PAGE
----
Wagner Falls, Munising | Susan J. Demas
The President Joe Biden Administration announced Monday newly accelerated efforts to prevent and mediate pollution from per- and polyfluoroalkyl substances (PFAS), a group of “forever chemicals” known to cause harm to human health.
PFAS can be found in drinking water, soil and air across the country, and are a growing concern.
As part of the administration’s new plan, the Environmental Protection Agency (EPA) has launched a “PFAS roadmap” meant to guide the department’s strategy on PFAS over the next three years. Priorities include a new national testing strategy, a proposal to designate certain PFAS as hazardous substances under a federal act and other actions by 2023 to expand and quicken the cleanup of PFAS.
The EPA has also begun to develop a national primary drinking water regulation, as there is not currently a national standard, and has pledged to close loopholes that allow companies to hide PFAS releases from the public.
Michigan adopted the strictest MCLs in the nation last year for seven specific PFAS compounds: PFNA (6 ppt), PFOA (8 ppt), PFHxA (400,000 ppt), PFOS (16 ppt), PFHxS (51 ppt), PFBS (420 ppt) and GenX (370 ppt).
In addition to the EPA’s new PFAS roadmap, the Food and Drug Administration (FDA), Department of Defense (DOD), Department of Agriculture (USDA), Department of Homeland Security (DHS), Department of Health and Human Services (HHS) and Federal Aviation Administration (FAA) are also taking action to combat PFAS in their own ways.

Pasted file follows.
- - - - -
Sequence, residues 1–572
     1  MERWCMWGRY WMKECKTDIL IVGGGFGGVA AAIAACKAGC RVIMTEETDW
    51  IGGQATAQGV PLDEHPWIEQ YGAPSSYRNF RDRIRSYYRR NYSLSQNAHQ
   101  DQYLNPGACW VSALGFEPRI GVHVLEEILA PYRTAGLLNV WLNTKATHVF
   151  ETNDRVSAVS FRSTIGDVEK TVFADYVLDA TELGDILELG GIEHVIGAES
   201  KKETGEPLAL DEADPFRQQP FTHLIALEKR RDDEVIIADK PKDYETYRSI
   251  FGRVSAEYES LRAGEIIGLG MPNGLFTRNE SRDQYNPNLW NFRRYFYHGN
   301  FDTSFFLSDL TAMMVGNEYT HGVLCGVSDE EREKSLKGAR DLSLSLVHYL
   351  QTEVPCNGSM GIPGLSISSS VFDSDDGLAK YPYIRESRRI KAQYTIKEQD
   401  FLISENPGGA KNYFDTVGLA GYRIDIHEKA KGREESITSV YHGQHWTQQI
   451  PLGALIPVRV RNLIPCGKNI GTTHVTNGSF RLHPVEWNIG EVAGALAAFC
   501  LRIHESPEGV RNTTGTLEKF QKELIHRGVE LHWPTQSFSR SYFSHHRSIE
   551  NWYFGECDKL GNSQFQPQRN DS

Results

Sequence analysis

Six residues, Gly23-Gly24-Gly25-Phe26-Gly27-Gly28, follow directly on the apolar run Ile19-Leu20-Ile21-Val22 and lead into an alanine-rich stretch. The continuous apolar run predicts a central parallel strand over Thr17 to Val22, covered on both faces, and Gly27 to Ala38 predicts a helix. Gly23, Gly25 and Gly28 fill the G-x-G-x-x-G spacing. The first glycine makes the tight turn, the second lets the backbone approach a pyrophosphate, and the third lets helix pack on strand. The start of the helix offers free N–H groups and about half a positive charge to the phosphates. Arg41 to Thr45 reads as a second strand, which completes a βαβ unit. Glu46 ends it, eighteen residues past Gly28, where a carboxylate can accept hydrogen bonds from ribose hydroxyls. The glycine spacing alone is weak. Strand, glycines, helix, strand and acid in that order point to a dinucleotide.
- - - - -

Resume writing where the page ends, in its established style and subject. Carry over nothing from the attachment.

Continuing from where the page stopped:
Coordination of the new PFAS response-related actions across the federal agencies will be aided and guided by the newly-formed White House Council on Environmental Quality (CEQ).
Monday’s announcement comes while the administration continues its efforts to pass Biden’s infrastructure deal and “Build Back Better” agenda, both of which dedicate funding for drinking water PFAS contamination.
In a press release, the Washington, D.C.-based Environmental Working Group (EWG) nonprofit applauded the EPA’s action but criticized the DOD, FDA and FAA for not moving fast enough on PFAS.
“No one should have to worry about toxic forever chemicals in their tap water,” said Scott Faber, EWG’s senior vice president for government affairs. “We’re grateful that [EPA] Administrator [Michael] Regan will fulfill President Biden’s pledge to address PFOA and PFOS in our tap water and will begin to turn off the tap of industrial PFAS pollution.
“After more than two decades of delay, it’s good news that EPA is finally starting to act. But we must move even faster to turn off the tap of PFAS pollution by industry. Communities living downwind and downstream of these polluters have waited decades for action,” Faber added.
EWG notes that PFAS has been confirmed at nearly 400 military installations across the country, and more than 200 million Americans are drinking water contaminated with PFAS.
Michigan is home to more known PFAS contamination sites than most states. As of Wednesday, the Michigan Department of Environment, Great Lakes and Energy (EGLE) reports that there are 189 sites in the state.
Many of those are military bases, like the decommissioned Wurtsmith Air Force Base in Oscoda. There, significant amounts of PFAS have leached into the groundwater and soil, prompting concerns from residents and an ongoing cleanup effort by the U.S. Air Force.
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